The tenuous relationship between the past, present, and future complicates the practice of creating as well as translating time in imaginary wo rks. Grammatically, tense marks more than temporality; it also highlights degrees of being that remain unreachable or forever distant. At the 2013 meeting of the Society for Comparative Literature and the Arts we will examin e what it means to stage the pa st and direct the future in our literary and artistic texts. W hether anachronistic, politicized, or asynchronous , tense marks the uneasy space where recollection and projection meet.
We welcome 250 word paper proposals or 500 word panel proposals on topics including:
Hauntology, spectres, revenants
Dystopic and utopic visions
Reimagining the past
Ludic or interactive fiction
Postmodernism and simulacra
Trauma and forgetting
Righting/Writing the past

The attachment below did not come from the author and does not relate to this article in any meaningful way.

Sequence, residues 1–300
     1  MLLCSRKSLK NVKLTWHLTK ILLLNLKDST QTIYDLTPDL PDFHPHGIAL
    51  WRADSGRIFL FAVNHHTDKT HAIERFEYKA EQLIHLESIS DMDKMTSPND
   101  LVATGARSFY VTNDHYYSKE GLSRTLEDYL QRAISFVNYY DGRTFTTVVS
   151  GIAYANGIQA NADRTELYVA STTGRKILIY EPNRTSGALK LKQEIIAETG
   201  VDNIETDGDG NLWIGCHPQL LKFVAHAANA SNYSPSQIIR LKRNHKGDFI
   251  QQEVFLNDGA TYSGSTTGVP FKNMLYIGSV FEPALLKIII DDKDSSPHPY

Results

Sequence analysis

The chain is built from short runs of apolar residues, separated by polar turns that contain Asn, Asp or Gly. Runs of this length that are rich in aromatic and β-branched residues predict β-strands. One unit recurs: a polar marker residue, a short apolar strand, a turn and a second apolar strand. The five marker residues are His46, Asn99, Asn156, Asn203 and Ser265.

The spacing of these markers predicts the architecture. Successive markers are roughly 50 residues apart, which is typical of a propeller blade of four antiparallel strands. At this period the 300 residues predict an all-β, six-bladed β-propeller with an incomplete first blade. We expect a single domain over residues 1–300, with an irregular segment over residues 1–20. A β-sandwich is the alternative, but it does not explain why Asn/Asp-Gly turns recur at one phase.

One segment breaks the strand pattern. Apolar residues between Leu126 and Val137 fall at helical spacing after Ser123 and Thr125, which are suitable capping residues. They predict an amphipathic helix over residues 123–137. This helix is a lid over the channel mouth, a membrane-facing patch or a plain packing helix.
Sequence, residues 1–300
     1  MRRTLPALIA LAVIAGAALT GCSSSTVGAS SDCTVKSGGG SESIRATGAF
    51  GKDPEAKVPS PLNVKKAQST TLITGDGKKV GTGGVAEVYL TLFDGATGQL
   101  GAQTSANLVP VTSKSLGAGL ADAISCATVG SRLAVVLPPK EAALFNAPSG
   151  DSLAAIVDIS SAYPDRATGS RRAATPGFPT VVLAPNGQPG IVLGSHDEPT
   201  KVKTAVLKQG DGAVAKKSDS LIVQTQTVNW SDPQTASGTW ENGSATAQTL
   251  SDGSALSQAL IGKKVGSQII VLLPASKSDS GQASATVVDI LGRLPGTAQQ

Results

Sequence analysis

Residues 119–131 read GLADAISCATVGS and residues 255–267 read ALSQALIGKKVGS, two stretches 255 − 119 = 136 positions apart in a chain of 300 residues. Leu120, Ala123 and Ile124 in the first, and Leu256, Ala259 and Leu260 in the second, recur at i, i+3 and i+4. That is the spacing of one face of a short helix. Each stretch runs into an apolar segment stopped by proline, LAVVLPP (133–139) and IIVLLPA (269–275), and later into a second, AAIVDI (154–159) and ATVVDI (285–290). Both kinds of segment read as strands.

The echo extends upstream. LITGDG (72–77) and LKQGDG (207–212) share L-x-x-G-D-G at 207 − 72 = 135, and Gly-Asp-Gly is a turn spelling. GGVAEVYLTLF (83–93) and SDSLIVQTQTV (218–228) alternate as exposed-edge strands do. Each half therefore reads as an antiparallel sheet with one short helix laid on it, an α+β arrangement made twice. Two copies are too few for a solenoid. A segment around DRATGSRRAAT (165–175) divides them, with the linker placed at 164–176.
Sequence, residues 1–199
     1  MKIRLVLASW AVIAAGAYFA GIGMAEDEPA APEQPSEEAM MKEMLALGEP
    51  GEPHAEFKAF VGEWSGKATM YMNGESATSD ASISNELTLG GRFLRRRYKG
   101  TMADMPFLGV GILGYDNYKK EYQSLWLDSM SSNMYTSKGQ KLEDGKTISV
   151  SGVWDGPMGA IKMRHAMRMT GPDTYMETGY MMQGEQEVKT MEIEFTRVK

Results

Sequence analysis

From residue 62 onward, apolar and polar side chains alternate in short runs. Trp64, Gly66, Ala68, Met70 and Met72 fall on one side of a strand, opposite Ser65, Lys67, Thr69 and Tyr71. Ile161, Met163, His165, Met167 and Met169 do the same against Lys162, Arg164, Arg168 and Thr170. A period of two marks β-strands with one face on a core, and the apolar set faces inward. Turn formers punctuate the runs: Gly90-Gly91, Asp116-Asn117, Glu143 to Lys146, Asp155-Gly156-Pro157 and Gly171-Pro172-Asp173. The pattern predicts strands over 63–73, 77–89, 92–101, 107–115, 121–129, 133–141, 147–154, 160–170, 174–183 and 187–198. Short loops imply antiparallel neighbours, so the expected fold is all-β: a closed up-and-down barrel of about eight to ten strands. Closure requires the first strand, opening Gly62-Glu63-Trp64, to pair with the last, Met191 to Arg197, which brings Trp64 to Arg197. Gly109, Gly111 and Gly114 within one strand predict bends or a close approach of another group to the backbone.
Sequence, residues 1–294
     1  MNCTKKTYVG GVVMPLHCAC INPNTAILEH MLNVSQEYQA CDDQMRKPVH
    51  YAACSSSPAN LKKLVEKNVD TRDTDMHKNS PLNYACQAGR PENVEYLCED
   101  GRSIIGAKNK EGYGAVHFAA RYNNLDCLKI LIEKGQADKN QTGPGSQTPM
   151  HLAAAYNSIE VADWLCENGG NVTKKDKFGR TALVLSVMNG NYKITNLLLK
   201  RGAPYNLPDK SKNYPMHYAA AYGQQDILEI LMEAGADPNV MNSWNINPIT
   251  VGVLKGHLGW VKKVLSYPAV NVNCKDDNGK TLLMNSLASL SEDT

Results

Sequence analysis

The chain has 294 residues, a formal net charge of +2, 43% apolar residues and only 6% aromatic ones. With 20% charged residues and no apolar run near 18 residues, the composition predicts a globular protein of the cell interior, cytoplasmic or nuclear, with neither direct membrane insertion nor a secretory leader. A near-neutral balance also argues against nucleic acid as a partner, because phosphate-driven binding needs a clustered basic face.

New, old, post Historicism
Queer time and mutability
Periodization and epoch making
Responsibility/ethics in telling history
Graveyards, burial grounds, museums
Epistemologies of “post”
Prologues and epilogues
The future of literature in a digital age
Alterity Memory and memoir
Sci fi and retro futurism
Proposals should be sent to email@example.com by June 1, 2013 . Graduate students who wish to be considered for an SCLA Travel Scholarship should indicate this in their cover letter and include a short vita (2 pages maximum). We will also hold 2 undergraduate sessions and welcome undergraduate proposals (please specify).
Call for Submissions: INVENTORY Nº4 (Princeton University Journal of Translation)
Submission deadline for next issue June 1, 2013
We consider translations of poetry and prose from any language – ancient or modern – into English. We welcome new translations of previously translated work, and we encourage our translators to engage imaginatively with the conventions and possibilities of literary translation. We regret that we are unable to accept translations into languages other than English.